June 1, 2015
What is critical thinking? My favorite definition of critical thinking is, “the active and reflective mental process of questioning and evaluating information to draw sound conclusions” (Critical Thinking: It's How - Not What You Think, 2013). There are three categories of critical thinking. There’s beginning, average, and advanced critical thinkers. Beginner critical thinkers tend be lazy thinkers, they are not interested in changing or challenging the way they currently think, and are comfortable with not challenging the sources of their information, of those being, the people closets to them. Average critical thinkers are aware that there are biases that affect information and they are open to challenging their beliefs and thoughts. Average critical thinkers are sometimes aware that their efforts at questioning and evaluating information, are what inhibits them from being advanced critical thinkers. It’s the average critical thinker’s inconsistent efforts that prevent them from consistently drawing sound conclusions. Advanced critical thinkers are constantly aware of the biases in information and use this information to draw more sound conclusions. Advanced critical thinkers question the source and validity of all information and attempt to purge their own biases to increase their ability to make better decisions.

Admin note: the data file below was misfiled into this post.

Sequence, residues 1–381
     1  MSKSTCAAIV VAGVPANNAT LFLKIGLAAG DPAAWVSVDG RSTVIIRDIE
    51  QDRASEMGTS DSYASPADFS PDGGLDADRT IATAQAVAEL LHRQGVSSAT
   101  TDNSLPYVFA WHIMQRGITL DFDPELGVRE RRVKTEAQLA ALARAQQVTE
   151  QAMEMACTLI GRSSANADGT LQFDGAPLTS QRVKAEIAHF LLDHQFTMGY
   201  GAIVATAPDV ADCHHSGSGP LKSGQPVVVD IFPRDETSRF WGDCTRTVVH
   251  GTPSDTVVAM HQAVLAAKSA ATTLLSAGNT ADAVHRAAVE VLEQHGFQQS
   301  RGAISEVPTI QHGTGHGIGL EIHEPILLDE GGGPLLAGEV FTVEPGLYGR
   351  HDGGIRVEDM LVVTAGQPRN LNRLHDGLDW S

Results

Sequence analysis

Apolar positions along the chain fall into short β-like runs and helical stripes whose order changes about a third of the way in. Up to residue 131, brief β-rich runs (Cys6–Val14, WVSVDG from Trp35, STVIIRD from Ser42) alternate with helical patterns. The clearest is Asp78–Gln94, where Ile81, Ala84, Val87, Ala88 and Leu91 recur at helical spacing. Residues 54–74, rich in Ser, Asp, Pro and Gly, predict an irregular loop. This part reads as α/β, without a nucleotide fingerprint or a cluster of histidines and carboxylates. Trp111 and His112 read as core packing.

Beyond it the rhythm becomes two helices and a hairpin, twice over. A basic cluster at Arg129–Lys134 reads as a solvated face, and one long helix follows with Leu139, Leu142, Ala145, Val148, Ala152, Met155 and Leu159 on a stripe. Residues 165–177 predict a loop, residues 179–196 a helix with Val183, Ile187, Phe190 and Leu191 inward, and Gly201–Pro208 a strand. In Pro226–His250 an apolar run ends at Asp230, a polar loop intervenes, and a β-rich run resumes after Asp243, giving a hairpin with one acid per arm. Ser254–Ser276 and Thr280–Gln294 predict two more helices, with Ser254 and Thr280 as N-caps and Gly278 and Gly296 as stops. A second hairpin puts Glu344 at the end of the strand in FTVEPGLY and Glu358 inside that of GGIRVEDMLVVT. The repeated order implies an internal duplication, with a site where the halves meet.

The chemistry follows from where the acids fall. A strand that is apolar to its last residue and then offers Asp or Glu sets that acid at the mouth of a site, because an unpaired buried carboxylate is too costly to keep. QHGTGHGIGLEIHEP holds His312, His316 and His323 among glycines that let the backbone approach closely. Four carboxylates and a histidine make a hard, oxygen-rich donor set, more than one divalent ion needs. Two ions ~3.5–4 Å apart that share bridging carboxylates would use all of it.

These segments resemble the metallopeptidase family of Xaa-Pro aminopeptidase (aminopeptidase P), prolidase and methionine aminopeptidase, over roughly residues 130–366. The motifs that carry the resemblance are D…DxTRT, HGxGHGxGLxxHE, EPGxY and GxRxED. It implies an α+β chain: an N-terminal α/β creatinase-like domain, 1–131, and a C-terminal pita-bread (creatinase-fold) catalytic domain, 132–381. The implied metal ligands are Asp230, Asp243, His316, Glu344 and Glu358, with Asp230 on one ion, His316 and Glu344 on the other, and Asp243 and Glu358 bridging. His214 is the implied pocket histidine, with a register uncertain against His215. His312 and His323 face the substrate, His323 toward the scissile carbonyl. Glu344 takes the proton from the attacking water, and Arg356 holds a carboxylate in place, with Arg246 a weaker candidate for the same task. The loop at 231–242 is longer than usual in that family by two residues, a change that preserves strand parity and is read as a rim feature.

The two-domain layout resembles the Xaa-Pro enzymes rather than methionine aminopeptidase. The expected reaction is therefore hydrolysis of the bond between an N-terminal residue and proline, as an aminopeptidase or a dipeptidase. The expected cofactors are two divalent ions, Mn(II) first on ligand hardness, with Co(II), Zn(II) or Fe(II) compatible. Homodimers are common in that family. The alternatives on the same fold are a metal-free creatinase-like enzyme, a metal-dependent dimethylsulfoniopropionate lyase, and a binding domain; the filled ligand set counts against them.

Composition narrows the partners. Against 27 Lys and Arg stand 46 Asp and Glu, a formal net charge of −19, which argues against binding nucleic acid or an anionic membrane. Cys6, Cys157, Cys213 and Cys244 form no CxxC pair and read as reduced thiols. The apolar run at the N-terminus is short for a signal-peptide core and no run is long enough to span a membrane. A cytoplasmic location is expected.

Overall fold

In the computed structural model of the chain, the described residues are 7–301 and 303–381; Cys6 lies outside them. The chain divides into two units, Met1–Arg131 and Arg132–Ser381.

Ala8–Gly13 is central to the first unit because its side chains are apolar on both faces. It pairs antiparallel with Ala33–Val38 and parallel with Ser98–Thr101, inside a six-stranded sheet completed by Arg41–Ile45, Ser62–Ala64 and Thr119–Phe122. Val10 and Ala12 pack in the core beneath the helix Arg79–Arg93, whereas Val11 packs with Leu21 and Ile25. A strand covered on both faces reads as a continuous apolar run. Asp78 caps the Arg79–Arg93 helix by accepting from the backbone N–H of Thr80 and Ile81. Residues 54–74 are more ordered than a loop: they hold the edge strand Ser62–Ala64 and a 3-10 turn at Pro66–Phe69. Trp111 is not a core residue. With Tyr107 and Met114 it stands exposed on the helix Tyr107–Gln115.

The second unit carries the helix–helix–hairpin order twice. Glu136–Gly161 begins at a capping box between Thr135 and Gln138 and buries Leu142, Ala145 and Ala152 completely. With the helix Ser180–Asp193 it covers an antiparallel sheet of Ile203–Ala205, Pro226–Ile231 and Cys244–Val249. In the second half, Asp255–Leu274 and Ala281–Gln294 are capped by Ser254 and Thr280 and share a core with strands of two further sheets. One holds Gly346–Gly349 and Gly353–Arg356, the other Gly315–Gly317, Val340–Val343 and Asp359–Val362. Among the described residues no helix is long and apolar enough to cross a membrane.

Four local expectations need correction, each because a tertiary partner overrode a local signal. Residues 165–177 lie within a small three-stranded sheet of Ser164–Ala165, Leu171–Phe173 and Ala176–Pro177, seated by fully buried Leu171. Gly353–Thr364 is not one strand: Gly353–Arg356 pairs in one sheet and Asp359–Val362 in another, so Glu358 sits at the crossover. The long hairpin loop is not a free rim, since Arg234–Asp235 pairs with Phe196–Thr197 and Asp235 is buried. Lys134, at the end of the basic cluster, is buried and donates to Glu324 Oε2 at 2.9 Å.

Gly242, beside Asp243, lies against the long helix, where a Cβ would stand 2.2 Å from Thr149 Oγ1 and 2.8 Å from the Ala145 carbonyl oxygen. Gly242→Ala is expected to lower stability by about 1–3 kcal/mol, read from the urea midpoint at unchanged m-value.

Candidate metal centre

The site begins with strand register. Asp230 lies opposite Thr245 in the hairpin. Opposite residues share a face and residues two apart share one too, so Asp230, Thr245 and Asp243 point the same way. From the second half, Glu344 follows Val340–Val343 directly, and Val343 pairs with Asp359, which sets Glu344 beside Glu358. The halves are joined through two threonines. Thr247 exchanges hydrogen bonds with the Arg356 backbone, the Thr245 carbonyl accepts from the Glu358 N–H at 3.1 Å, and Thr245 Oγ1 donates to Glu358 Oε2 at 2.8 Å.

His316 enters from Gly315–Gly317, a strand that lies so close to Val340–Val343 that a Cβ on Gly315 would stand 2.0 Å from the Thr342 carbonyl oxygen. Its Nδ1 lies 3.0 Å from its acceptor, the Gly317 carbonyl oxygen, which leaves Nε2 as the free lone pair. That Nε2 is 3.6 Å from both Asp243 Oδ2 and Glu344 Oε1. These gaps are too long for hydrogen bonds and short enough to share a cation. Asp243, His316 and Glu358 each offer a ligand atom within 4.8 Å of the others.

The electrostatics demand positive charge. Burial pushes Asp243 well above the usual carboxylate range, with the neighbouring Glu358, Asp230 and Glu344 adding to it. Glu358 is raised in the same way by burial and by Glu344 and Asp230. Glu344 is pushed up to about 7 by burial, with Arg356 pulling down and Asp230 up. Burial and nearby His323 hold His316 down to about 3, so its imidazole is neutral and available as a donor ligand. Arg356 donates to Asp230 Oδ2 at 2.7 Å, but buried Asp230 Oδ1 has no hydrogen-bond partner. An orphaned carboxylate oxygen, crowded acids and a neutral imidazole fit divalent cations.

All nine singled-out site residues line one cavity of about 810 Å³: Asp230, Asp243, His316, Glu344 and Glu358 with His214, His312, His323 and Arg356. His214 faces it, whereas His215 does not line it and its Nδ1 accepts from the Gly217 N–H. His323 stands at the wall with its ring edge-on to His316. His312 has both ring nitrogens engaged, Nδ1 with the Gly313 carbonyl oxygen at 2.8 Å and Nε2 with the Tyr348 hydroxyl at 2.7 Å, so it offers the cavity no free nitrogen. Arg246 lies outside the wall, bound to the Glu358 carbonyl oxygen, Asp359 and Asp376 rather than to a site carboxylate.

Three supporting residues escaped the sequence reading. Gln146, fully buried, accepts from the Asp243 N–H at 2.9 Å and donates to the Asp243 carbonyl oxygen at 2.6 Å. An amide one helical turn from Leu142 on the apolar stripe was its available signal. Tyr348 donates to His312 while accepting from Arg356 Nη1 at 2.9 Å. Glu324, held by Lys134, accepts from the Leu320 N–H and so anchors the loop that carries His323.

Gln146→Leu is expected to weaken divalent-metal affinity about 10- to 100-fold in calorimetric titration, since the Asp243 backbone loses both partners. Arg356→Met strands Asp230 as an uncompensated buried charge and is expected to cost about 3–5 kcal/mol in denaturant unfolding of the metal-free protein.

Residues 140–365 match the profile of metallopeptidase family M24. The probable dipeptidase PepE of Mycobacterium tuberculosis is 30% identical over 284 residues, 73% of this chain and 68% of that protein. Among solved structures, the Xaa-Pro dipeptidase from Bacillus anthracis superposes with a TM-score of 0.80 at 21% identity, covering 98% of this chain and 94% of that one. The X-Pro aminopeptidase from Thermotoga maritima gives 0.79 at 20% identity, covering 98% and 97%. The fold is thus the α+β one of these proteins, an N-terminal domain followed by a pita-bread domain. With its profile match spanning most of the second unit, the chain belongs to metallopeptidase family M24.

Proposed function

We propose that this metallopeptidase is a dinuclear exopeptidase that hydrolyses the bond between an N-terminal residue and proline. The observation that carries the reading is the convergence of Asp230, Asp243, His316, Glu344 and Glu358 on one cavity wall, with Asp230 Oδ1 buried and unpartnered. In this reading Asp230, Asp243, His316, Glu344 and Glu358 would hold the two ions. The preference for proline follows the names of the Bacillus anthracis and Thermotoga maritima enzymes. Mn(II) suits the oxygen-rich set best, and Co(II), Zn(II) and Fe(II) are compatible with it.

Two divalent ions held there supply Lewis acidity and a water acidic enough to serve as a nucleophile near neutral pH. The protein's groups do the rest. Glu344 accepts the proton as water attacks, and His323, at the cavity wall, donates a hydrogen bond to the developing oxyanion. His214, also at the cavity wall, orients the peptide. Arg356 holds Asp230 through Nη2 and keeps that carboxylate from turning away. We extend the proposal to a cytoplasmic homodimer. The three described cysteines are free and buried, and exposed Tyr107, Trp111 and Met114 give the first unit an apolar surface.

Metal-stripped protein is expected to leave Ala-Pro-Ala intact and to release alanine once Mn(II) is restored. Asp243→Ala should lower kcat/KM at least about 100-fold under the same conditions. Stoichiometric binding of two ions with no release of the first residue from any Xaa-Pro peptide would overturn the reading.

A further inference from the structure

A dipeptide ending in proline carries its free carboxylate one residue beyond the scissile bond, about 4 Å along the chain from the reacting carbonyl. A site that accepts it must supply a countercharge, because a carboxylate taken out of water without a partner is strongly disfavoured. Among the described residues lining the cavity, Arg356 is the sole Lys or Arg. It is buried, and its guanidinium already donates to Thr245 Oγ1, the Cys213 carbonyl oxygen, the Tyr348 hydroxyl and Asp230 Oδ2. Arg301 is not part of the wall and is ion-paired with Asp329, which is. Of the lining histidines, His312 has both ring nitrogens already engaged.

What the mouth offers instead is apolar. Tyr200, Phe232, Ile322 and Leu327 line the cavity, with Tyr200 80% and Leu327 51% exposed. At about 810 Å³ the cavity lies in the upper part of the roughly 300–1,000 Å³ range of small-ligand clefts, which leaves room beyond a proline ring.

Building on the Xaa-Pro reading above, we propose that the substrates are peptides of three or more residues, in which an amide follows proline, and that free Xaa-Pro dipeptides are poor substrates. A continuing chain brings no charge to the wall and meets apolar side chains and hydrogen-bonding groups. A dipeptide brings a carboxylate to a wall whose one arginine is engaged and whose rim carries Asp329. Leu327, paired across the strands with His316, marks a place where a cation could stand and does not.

I would say that based on the levels of critical thinking presented by Dr. Ridel in the book Critical Thinking in Everyday life, I’m a level 6 critical thinker. “I try to be careful before I formulate an opining making certain that I thoroughly consider all sides of an issue. I understand that personal biases distort my view of the world and I’m trying to eliminate them from my thinking. I feel good about my thinking process and I’m getting much better at understanding what stops me from thinking critically and working around my barriers” (Ridel, 2015, p. 14). I...